Tomatoes and critters…this picture unfortunately shows you why we pick our tomatoes when they are starting to blush. The good news is that because we do that, we have fewer half-eaten vegetables to throw out.
Here’s an interesting photo…this is a closeup of 4 tomatoes that were put in a wheelbarrow intended for the compost pile. Can you guess what I want to talk about?These two tomatoes at the bottom have what is called catfacing: deformed, incurved areas which may include scarring. Although they are misshapen, this area can be cut around, and the rest of the tomato is edible. The other two, though, were composted. Click here for a good short article about tomato problems with some really good pictures from the University of Minnesota Extension.
Not all misshapen veggies are problems, though. We thought this Japanese eggplant was rather cute and looked like a porpoise. Of course, that was after we’d harvested a large number of cherry tomatoes, so probably ANYTHING that wasn’t a cherry tomato would look cute. How many cherry tomatoes, you ask? LOTS!
Something to consider: we only have one cherry tomato plant per plot…think of that when you think about planting an entire tomato 6 pack in your yard…share some plants with friends! By now, you are probably wondering what we are doing with all the cherry tomatoes we are picking. We’re wondering the same thing. An easy search on ‘cherry tomato recipes’ luckily provides a lot of options. There was one idea I saw on several sites that particularly liked: roasting them in the oven and freezing them for future use in other dishes or to make sauces. I like the flexibility of having oven roasted tomatoes in the freezer. If you are interested, the general idea of the recipe was to:
- Toss washed and dried cherry tomatoes with a small amount of olive oil
- Put them, single layer, on a baking pan (line with foil for easy cleanup later)
- Sprinkle with sea salt and pepper
- Bake (recipes I saw ranged from 350-400 degrees) until the tomatoes start to deflate but not burn (I saw times estimated from 20-45 min)
- Freeze, single layer, in freezer bags, and use as needed.
Let’s have a look at the cucumbers and squash. Although our gardeners were keeping up with their harvesting, the growth rate with all the rain and the warm temperatures is nothing short of amazing. These cucumbers went from tiny to huge in a week:
And now, a lovely picture of powdery mildew on a squash leaf….
Those are words not usually seen in the same sentence, but it is a nice clear one that lets you see that it really does look powdery. Seeing as it is so close to the end of the season for us, we removed the plant, but we could have removed the affected leaves and tried a fungicide if we wanted to try and save the plant. The tradeoff there is that it might spread to other plants the longer the infected plant remains. If you’d like to read some good squash Q&A, including how to treat powdery mildew, click here for a good article on our own Aggie Horticulture site.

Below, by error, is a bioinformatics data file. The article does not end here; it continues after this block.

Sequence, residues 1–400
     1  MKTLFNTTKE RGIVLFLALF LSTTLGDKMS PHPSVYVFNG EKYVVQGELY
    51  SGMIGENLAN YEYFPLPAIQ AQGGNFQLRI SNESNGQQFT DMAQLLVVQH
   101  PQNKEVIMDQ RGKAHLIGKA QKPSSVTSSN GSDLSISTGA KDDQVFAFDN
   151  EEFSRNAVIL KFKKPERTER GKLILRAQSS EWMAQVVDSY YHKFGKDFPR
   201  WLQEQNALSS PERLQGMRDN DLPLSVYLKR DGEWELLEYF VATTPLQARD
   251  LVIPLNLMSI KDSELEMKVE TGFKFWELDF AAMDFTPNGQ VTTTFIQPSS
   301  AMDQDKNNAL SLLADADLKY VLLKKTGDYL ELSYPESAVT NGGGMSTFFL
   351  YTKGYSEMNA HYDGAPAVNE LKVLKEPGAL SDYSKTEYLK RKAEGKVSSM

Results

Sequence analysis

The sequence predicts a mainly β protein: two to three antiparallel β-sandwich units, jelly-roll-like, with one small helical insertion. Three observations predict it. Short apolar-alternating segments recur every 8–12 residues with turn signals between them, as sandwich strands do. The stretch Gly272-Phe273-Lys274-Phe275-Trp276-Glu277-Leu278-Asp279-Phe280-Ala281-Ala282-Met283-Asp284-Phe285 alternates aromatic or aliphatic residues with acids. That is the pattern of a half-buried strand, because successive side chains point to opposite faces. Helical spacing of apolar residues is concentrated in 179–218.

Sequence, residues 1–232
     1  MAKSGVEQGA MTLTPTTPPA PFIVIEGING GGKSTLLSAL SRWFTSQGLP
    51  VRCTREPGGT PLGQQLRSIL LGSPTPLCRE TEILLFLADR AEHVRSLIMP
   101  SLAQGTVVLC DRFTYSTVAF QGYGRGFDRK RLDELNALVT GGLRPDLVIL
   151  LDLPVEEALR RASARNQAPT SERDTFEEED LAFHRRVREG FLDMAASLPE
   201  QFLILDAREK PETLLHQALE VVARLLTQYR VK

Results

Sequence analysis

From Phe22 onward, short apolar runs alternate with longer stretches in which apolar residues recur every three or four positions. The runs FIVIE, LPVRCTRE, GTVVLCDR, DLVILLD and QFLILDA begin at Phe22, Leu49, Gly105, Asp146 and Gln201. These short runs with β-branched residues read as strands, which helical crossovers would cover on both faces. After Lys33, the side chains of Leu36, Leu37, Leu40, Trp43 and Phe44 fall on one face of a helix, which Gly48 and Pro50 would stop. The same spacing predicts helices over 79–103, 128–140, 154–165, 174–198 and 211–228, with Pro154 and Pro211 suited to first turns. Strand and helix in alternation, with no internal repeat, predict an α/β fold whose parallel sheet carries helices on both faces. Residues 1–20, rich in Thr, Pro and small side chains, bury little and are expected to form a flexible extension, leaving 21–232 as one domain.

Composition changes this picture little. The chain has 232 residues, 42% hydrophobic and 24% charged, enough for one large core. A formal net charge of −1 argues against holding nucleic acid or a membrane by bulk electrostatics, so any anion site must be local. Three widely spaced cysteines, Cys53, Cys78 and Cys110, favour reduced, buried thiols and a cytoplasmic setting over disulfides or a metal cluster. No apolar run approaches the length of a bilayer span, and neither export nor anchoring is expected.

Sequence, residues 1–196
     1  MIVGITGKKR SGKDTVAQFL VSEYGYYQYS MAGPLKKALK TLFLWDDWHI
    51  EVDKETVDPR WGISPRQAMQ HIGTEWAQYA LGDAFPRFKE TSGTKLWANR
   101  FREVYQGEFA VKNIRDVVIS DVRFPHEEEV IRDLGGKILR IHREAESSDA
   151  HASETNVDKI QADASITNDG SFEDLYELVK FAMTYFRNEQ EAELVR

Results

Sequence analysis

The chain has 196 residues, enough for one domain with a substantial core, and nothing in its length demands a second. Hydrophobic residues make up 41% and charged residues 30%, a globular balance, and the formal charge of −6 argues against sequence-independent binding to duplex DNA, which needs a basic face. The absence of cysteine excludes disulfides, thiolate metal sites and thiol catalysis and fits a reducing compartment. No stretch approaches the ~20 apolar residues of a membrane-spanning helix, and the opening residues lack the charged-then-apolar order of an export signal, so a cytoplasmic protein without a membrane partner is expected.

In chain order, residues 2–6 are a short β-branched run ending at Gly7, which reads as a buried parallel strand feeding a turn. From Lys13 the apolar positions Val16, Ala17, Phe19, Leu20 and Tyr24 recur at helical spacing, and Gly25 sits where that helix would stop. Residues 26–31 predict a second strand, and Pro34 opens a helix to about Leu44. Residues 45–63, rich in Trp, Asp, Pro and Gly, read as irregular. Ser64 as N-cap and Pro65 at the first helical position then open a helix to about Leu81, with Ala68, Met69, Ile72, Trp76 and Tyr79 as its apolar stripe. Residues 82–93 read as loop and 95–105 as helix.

Not all squash plants were having problems…this one has moved over into the walkway and has some squash ready to pick.
Yes, we were very busy again this week with harvesting…
The green bean plants were removed because they were no longer producing. It was much easier to find the remaining beans after the plants were cut at the base and removed from the plots:
Some harvest pictures to hopefully inspire you to consider a small vegetable garden, if you don’t have one:
Corn? OK, I snuck that picture in to see if you were still reading. Well, the gardeners aren’t growing corn in their plots, but there is a small area where corn is growing at the vegetable garden. This week, in fact, one of the chores was to dirt up the corn (mound up dirt around the base of the plants) which are getting top heavy as the ears of corn develop. Yes, there is a person in the picture below of our mini cornfield.
Let’s have a quick look at how our non-vegetable plants are doing too…
The green and purple leaves of the Alternanthera look great together..the moss rose continues to bloom profusely (deadheading helps)…look at the size of those Whopper begonia flowers compared to my hand.. the artichokes that were left to flower are gorgeous. Ummm…one of the plots had a mystery marigold come up and the section leads decided to leave it there. I’m glad they did…it’s been full of cheerful flowers.
If you read the summary of what we did today up in our top picture, you’ll notice that we are still doing the routine tasks of weeding, deadheading flowers, and hand watering where a little extra water is needed. I just didn’t start out the blog with it because I figured you’ve got that part memorized by now. 🙂
End of Day pictures…the beds are emptying out a little as we continue to remove the plants that are no longer producing.
Next week is our last week this season….
Talk to you then,
Lyn Komada, Bexar County Master Gardeners
This cactus is right across from us and the flowers were gorgeous. I will never have a garden large enough for all of the plants that I see and want to grow.
Just in case you were thinking of looking for one too, keep in mind that it’s a bit too large for a windowsill: